Clothes Mothes & Carpet Beetle Inspection
Look For Live Or Dead Insects
Look for live or dead insects. Live insects may be hard to find because these pests avoid the light, hiding in the folds of the fabric or in the cracks and crevices of closets. You can sometimes find dermestid larvae by shaking the damaged fabric over the middle of a white sheet spread out on the floor. Live adult carpet beetles and clothes moths are rarely found because they do not feed on fabric. Carpet beetles adults sometimes can be found dead on window sills, and clothes moth adults do not feed.
Look For Cast Skins and Insect Fragments
Look for cast skins, insect fragments and products. Cast skins of larvae are often found with damaged fabric or fur. If you need to remove insect fragments for identification, carefully place them in a small vial or tin and take them to an Extension diagnostic lab. Brittle insect parts break apart easily when placed in an envelope. Clothes moths will often leave silken webbing, cases, pupae or frass in the damaged fabrics. These "parts" will help identify the pest.
Look At Types Of Fabrics
Carpet beetles and clothes moths can digest keratin, a component of animal hair, which includes wool, fur and feathers. Fabric made of wool blends may also be damaged. They also feed on silk. The other fabric pests tend to damage fabrics only if the fabrics are stained with food or perspiration.
Look For The Larvae
The adult cloth moths like to fly towards light. The larvae of both clothes moths and the beetles prefer to feed in secluded, hidden places. Using a flash light and a small spatula may be necessary to seek out the larvae.
The larvae of both cloth moths or carpet beetles may be found in dark clothes in closets, furs, woolens, and carpet bits, or other material in storage. They can also be found in lint and animal hair found under baseboards, edges of carpeting, under upholstered furniture, under edges of carpets, in air ducts, and occasionally in stored products in the pantry, like cereals. The use of a knife blade or spatula will help examine the lint closely for live larvae or cast skins.
Natural Sources Of Infestations
Woolens and Linen
It is important to consider natural sources when making an inspection, such as woolens. Larvae are often attracted to soiled fabrics (such as clothing soiled with body oil or perspiration) and cracks and crevices where lint, food crumbs or dead insects accumulate.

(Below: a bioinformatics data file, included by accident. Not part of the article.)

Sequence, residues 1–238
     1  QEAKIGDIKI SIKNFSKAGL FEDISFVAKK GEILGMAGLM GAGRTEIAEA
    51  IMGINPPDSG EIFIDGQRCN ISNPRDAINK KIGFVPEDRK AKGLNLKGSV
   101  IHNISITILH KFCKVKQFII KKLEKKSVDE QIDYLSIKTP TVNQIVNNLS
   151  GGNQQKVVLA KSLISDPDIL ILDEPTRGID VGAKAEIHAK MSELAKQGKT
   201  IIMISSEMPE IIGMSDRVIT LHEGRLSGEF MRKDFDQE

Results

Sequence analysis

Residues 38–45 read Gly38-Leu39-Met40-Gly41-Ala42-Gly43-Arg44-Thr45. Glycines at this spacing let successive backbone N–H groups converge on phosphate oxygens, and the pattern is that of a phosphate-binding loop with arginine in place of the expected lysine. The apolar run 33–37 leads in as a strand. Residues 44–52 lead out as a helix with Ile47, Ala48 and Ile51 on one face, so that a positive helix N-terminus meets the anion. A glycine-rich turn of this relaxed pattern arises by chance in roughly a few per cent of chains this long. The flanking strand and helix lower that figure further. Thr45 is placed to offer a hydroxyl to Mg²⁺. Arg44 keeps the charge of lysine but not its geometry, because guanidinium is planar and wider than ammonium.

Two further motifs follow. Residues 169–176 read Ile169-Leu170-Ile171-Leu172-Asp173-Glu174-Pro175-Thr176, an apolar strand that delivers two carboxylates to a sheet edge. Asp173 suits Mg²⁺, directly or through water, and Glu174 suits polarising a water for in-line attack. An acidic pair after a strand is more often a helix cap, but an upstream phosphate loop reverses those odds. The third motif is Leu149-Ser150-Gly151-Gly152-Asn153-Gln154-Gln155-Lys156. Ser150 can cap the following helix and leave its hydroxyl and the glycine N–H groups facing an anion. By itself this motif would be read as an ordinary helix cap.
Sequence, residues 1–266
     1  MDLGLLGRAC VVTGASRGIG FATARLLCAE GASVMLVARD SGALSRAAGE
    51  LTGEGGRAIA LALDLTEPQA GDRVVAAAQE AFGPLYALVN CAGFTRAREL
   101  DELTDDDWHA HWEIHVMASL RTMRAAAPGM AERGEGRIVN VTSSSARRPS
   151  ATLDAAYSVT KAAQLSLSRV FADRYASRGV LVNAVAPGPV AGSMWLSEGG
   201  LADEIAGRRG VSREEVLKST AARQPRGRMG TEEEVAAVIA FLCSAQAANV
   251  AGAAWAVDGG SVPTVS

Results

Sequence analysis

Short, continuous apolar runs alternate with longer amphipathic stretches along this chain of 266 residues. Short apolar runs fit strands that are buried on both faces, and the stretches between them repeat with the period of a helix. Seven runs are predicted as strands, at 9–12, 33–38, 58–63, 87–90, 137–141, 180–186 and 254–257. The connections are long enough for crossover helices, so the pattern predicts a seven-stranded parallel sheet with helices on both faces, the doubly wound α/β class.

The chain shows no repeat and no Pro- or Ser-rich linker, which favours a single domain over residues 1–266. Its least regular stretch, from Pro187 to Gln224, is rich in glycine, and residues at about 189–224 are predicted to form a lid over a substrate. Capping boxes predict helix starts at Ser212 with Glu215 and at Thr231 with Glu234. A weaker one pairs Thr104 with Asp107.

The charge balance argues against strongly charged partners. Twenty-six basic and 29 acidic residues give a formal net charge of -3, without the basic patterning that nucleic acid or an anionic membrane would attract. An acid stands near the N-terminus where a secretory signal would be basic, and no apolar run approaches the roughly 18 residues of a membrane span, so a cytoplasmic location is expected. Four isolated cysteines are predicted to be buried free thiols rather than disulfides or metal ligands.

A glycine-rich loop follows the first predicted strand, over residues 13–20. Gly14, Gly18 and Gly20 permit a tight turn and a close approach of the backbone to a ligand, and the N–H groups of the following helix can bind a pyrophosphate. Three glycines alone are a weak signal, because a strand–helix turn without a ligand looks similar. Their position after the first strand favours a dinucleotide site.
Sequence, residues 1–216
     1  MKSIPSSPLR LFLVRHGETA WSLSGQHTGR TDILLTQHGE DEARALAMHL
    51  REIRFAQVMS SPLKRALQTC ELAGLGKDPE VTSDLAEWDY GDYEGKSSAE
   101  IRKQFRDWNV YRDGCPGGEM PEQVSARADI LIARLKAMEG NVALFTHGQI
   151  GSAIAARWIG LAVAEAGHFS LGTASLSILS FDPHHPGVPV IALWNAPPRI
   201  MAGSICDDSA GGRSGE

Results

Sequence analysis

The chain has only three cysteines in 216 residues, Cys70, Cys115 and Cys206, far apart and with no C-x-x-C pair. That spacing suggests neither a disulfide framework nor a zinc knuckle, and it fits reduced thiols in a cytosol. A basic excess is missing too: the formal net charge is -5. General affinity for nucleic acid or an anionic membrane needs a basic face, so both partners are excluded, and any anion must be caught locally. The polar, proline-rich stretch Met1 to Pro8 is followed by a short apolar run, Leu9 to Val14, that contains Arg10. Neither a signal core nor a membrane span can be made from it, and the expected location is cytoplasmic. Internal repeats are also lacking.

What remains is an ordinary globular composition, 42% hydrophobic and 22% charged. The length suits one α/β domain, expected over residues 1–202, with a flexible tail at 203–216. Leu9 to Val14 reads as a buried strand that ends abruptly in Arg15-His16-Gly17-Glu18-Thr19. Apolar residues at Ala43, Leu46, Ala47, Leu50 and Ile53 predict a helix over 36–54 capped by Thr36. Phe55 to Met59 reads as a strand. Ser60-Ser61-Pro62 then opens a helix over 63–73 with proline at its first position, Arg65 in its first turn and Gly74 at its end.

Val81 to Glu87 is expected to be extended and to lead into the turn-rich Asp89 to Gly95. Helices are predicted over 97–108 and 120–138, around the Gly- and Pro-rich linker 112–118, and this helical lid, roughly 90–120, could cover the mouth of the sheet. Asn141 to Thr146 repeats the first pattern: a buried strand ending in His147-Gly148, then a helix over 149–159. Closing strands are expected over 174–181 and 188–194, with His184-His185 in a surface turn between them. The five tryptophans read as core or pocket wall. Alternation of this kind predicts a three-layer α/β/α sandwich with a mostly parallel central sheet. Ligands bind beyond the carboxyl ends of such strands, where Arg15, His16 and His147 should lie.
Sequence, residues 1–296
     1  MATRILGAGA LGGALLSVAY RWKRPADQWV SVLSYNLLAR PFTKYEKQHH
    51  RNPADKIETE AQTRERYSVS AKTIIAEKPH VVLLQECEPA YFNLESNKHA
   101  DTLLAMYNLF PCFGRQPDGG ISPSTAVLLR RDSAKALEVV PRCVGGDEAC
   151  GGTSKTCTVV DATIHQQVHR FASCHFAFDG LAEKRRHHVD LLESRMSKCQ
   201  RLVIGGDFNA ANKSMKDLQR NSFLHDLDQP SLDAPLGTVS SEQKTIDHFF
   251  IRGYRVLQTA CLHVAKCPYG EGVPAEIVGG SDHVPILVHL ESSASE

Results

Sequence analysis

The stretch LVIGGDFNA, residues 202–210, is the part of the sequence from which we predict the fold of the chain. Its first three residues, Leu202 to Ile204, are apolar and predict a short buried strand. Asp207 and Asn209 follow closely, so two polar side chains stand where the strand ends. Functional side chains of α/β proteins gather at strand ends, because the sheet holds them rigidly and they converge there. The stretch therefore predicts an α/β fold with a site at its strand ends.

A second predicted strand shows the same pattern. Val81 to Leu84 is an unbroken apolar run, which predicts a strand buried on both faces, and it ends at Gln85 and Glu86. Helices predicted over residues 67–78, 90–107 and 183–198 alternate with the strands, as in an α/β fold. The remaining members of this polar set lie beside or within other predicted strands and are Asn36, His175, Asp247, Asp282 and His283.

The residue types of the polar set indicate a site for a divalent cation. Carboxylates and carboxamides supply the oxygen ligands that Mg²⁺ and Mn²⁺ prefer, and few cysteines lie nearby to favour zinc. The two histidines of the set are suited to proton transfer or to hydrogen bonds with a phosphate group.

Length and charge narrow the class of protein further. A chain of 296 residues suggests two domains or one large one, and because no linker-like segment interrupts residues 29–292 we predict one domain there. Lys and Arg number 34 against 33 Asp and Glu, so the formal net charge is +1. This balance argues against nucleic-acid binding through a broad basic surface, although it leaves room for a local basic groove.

Also Stored Pantry Products
Carpet beetle larvae may also feed on stored cereals, dry pet food and wool piano felts. Carpet beetle infestations are more likely to be discovered because of the damage they do; not because large populations are being found.
Although larva and adults are easily killed, eggs and pupa are not. Look for articles of woolen clothing which may have been stored and neglected, and check the premises for old furniture and rugs which may be a source of a continuing infestation.
Other relevant areas of concern may be include sites which represent the natural habitat of these insects. Sparrow, starling, or other bird nests, inside or outside of the premises, are common points of origin. Bird nests in fireplaces and attics can be common sites.
Wasp nests, which are found under eaves and in attics, are also common sources of carpet beetle and clothes moth infestations.
Another source of food material for carpet beetle and clothes moth larvae is accumulations of animal hair, which may be found quite often in homes where pets are kept. Shed hair may accumulate in heating ducts, beneath furniture, or in hard-to-clean corners. These loose tangles of hair may be sufficient to sustain a small population of fabric pests for a long period of time, even in places where all wool products might have been treated.
X Lure Trap An aid to inspections and monitoring for certain of the clothes moths and carpet beetles is a folded sticky-card trap, that contain a pheromone to attract them.